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> Chapter 8 - Deploying Wireless Networks > Access point deployment > Wireless client load balancing for high-density deployments

Wireless client load balancing for high-density deployments

Wireless load balancing allows your wireless network to distribute wireless traffic more efficiently among wireless access points and available frequency bands. FortiGate wireless controllers support the following types of client load balancing:

  • Access Point Hand-off - the wireless controller signals a client to switch to another access point.
  • Frequency Hand-off - the wireless controller monitors the usage of 2.4GHz and 5GHz bands, and signals clients to switch to the lesser-used frequency.

Load balancing is not applied to roaming clients.

Access point hand-off

Access point handoff wireless load balancing involves the following:

  • If the load on an access point (ap1) exceeds a threshold (of for example, 30 clients) then the client with the weakest signal will be signaled by wireless controller to drop off and join another nearby access point (ap2).
  • When one or more access points are overloaded (for example, more than 30 clients) and a new client attempts to join a wireless network, the wireless controller selects the least busy access point that is closest to the new client and this access point is the one that responds to the client and the one that the client joins.

Frequency hand-off or band-steering

Encouraging clients to use the 5GHz WiFi band if possible enables those clients to benefit from faster interference-free 5GHz communication. The remaining 2.4GHz clients benefit from reduced interference.

The WiFi controller probes clients to determine their WiFi band capability. It also records the RSSI (signal strength) for each client on each band.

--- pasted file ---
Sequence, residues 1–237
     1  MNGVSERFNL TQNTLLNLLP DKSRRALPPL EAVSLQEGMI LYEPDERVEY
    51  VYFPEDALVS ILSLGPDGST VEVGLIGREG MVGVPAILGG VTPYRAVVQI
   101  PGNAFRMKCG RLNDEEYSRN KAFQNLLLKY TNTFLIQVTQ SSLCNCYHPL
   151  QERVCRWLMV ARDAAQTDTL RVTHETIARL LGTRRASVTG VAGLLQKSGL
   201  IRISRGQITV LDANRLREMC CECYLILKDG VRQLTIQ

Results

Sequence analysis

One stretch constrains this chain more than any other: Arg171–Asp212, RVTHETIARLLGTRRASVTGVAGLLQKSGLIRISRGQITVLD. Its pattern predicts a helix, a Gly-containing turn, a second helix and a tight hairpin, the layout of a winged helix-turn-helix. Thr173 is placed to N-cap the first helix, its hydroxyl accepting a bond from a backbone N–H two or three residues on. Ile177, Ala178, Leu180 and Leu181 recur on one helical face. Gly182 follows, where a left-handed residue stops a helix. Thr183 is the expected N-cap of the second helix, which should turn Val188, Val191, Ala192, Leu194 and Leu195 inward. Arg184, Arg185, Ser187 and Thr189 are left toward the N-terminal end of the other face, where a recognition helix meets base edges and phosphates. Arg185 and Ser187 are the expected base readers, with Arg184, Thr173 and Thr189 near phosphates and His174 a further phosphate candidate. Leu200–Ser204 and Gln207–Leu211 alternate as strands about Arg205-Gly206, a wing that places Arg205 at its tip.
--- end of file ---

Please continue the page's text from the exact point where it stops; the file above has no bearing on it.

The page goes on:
If a new client attempts to join the network, the controller looks up that client’s MAC address in its wireless device table and determines if it’s a dual band device. If it is not a dual band device, then its allowed to join. If it is a dual band device, then its RSSI on 5GHz is used to determine whether the device is close enough to an access point to benefit from movement to 5GHz frequency.

If both conditions of 1) dual band device and 2) RSSI value is strong, then the wireless controller does not reply to the join request of the client. This forces the client to retry a few more times and then timeout and attempt to join the same SSID on 5GHz. Once the Controller see this new request on 5GHz, the RSSI is again measured and the client is allowed to join. If the RSSI is below threshold, then the device table is updated and the controller forces the client to timeout again. A client’s second attempt to connect on 2.4GHz will be accepted.


From the web-based manager, edit a custom AP profile and select Frequency Handoff and AP Handoff as required for each radio on the AP.

From the CLI, you configure wireless client load balancing thresholds for each custom AP profile. Enable access point hand-off and frequency hand-off separately for each radio in the custom AP profile.

config wireless-controller wtp-profile

edit new-ap-profile

set handoff-rssi <rssi_int>

set handoff-sta-thresh <clients_int>

config radio-1

set frequency-handoff {disable | enable}

set ap-handoff {disable | enable}


config radio-2

set frequency-handoff {disable | enable}

set ap-handoff {disable | enable}




  • handoff-rssi is the RSSI threshold. Clients with a 5 GHz RSSI threshold over this value are load balanced to the 5GHz frequency band. Default is 25. Range is 20 to 30.
  • handoff-sta-thresh is the access point handoff threshold. If the access point has more clients than this threshold it is considered busy and clients are changed to another access point. Default is 30, range is 5 to 25.
  • frequency-handoff enable or disable frequency handoff load balancing for this radio. Disabled by default.
  • ap-handoff enable or disable access point handoff load balancing for this radio. Disabled by default.

Frequency handoff must be enabled on the 5GHz radio to learn client capability.